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Aquaculture

We Believe In Aquaculture

Our Vision


At Island Creek Oysters we envision a world where all people have uninterrupted access to nutritious, sustainably grown food. After witnessing the effects of our own shellfish farm on the local economy, diet, and environment, we wholeheartedly believe in aquaculture’s potential to play a role in making this vision a reality.

Our Mission


At Island Creek Oysters Foundation, we believe that aquaculture will play an important role in meeting the food production needs of a growing human population. The Island Creek Oysters Foundation supports projects that use sustainable aquaculture as a food source. Additionally, we educate and inform people about the value of aquaculture as a solution to the global issue of food production.

Policy and Advocacy Efforts


Island Creek is a mission based company. We exist for the well being (financial and otherwise) of our ownership, staff, and community but also to leave a legacy of helping aquaculture realize its full potential as a major part of our food system and coastal economy at home and globally. It takes a village, so to speak, and we couldn’t do the work we do without tremendous partners and organizations engaged in the good fight. If you’re interested in learning more about aquaculture these links and the tremendous people behind them are a great place to start.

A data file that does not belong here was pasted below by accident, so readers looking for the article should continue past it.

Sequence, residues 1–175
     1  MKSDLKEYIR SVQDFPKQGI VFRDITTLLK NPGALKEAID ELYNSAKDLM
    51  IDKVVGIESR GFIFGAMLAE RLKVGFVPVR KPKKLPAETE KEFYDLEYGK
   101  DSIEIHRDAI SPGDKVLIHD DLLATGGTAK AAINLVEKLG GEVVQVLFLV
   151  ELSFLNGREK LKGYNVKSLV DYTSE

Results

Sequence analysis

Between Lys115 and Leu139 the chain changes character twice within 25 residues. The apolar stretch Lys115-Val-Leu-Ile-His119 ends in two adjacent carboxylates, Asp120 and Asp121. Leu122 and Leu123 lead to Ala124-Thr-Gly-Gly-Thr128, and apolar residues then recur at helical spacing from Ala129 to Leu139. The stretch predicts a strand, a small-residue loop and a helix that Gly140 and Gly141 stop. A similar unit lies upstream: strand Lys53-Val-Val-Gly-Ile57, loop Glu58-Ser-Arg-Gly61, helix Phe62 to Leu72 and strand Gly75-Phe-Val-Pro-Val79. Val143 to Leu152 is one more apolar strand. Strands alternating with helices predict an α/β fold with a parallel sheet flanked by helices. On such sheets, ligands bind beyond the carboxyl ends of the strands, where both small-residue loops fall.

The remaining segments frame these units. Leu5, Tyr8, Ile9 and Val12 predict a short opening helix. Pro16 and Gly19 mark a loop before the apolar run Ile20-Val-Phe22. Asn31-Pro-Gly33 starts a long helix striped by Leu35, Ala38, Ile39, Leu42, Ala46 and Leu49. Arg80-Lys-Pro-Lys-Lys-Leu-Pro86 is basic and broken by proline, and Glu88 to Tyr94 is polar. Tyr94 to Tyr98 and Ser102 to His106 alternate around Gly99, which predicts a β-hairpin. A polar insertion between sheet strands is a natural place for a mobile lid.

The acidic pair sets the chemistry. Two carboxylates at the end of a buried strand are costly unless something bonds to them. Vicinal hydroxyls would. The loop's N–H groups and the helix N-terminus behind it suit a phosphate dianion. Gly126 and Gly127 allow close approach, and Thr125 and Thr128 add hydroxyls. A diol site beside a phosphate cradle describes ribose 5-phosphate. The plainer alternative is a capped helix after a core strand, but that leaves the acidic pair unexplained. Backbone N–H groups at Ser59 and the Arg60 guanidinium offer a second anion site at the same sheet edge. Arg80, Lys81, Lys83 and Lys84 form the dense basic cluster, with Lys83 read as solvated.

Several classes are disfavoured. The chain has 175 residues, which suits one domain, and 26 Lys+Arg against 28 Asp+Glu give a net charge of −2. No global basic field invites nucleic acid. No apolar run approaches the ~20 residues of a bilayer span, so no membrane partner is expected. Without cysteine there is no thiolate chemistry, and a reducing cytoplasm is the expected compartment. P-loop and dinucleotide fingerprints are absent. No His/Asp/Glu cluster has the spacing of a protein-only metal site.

Due to an increasing global population and improving quality of life in the developing world we, as humans, will have to double the amount of crops we grow by the year 2050. The Malthusian Catastrophe looms large as we grapple yet again with the question of how to sustain our species’ most basic need. The elephant in the global kitchen is protein—the first part of a diet to go missing when poverty strikes, the first indulgence when wealth is earned.

Growing animal protein also requires more natural resources than any other kind of agriculture—over 80% of US grain is fed to animals and the rearing of livestock accounts for 30% of global greenhouse gas emissions. Everyone can’t eat cheeseburgers… but everyone isn’t going to eat insects either.

Enter fish farming.  Aquaculture has quietly established itself as an unparalleled force in the changing dynamics of our food system, set to eclipse wild fisheries as the leading provider of the world’s marine protein by the next count.  Because fish are cold blooded they offer incredible advantages in efficiency over traditional sources of terrestrial protein—it takes just 1.4lbs of feed to produce 1lb of tilapia, it takes a minimum of 6lbs of feed to create 1lb of beef.  It is largely seen as the best option we’ve got to meet rapidly growing demand for high quality protein without fundamentally compromising the environment or placing untenable pressure on wild fish populations. Shellfish farming in particular may be the only form of commercial-scale protein production that provides a net benefit to the environment where it is grown.

We are proud to support